The purpose of this study is to gain some insights into the number of shortages resulting from two alternative demand allocation schemes between a contractor (machine M1) and subcontractor (machine M2), on the one hand, and from inventory accumulation, on the other hand. The shortages stem from random machine breakdowns, and each machine undergoes preventive maintenance. The motivation behind inventory accumulation is to allow demand to be fulfilled even when both machines are down.
The number of shortages stemming from all scenarios under consideration was established via computer simulation with the Arena© language.
For demand allocation that remains unchanged for the duration of the planning horizon and constant reliability of M1, it was found that, the less reliable M2 is, the more biased in favour of M1 will be the optimal demand allocation and the greater will be the number of shortages. Moreover, both dynamic demand reallocation over the planning horizon and inventory accumulation result in a substantial reduction in shortages.
The results are representative of the specific data, which were assumed in the simulation models. Nevertheless, this methodology is recommended for this type of analysis, as it is highly flexible and can take into account many practical considerations, which an analytical approach cannot.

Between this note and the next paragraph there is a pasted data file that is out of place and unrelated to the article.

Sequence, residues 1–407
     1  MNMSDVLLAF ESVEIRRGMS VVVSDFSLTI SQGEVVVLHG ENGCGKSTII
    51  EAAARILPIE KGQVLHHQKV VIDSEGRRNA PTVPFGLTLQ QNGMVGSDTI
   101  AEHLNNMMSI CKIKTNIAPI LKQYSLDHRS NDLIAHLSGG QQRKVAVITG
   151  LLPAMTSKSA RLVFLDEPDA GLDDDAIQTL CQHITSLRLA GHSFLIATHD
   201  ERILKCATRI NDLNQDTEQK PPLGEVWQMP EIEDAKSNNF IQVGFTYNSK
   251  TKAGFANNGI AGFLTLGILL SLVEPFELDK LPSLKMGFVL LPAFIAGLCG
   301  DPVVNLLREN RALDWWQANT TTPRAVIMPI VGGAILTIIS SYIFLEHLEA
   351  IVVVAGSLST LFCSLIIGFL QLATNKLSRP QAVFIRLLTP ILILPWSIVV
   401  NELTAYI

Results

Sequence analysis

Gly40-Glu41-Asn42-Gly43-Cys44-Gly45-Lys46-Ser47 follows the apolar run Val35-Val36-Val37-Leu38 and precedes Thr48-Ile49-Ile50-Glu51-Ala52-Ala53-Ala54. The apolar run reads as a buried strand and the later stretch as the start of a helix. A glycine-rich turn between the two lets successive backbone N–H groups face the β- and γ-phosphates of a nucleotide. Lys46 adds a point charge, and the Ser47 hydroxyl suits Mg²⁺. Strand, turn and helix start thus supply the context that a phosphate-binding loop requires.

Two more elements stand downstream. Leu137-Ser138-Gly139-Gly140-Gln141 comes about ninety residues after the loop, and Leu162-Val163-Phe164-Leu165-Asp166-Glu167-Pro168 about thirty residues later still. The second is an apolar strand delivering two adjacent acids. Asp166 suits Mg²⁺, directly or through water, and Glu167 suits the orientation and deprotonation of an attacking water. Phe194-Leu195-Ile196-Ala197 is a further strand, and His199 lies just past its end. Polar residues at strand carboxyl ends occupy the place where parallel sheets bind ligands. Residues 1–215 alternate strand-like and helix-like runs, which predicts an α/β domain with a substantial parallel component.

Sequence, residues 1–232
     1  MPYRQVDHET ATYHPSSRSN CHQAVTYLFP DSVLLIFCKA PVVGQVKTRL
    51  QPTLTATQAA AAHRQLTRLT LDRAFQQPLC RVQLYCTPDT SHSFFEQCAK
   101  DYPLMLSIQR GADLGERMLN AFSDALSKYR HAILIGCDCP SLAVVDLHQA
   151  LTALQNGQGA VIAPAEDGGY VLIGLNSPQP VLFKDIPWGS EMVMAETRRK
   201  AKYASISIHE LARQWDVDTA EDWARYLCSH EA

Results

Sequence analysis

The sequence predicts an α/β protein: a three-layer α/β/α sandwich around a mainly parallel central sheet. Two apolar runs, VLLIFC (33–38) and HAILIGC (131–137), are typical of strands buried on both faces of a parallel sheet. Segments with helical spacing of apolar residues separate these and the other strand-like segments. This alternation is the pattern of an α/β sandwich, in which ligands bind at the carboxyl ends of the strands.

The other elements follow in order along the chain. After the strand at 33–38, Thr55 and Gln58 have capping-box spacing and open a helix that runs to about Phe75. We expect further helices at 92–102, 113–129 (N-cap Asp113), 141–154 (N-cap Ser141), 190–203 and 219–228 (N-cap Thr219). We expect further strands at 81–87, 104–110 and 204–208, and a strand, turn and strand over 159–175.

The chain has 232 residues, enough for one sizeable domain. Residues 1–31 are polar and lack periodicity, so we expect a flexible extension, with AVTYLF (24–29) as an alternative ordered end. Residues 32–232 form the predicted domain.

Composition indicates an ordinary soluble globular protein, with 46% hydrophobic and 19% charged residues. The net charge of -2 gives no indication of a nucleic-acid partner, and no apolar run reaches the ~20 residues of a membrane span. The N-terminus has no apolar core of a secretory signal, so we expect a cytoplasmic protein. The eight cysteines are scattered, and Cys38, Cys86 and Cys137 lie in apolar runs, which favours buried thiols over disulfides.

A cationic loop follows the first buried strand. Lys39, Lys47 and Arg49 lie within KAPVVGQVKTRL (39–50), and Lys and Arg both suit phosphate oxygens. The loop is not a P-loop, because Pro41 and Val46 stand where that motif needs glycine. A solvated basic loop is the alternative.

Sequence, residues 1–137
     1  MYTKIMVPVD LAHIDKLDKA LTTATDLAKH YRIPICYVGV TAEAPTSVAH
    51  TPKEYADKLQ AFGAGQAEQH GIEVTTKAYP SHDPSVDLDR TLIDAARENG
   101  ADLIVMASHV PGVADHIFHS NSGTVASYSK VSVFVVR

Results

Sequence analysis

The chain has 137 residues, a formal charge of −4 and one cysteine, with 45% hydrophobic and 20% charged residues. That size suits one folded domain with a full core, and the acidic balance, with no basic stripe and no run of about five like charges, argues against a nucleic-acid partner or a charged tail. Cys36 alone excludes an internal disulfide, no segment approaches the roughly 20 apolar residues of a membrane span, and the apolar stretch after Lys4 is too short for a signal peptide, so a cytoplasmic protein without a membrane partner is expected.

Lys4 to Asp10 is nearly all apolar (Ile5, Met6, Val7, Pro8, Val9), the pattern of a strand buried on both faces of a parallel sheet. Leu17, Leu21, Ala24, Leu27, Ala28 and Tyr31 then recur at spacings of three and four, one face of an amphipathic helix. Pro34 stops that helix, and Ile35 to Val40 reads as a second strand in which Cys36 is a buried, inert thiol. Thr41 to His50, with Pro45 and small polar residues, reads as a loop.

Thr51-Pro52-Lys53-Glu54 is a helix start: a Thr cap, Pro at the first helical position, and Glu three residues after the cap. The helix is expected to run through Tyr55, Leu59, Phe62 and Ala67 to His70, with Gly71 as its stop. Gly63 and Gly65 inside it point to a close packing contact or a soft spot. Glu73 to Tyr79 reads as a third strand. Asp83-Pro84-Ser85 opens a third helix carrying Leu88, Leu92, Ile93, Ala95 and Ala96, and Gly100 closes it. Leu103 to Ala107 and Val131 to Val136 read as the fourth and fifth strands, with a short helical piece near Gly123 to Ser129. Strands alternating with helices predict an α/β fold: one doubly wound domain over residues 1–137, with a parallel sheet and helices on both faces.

Within the context of unreliable production machines, the most important practical implication of this study is that the dynamic reallocation of demand between a contractor and subcontractor, along with inventory accumulation, both have the potential to yield important reductions in the number of shortages.
The subject‐matter of this paper was not previously reported in the literature. Furthermore, the insights gained as a result of this study can yield substantial benefits to companies in terms of improving their service levels as measured by reduced shortages.
Cormier, G. and Rezg, N. (2011), "On coordinating maintenance, production and subcontracting: insights from simulation models", Journal of Quality in Maintenance Engineering, Vol. 17 No. 3, pp. 268-280. https://doi.org/10.1108/13552511111157380
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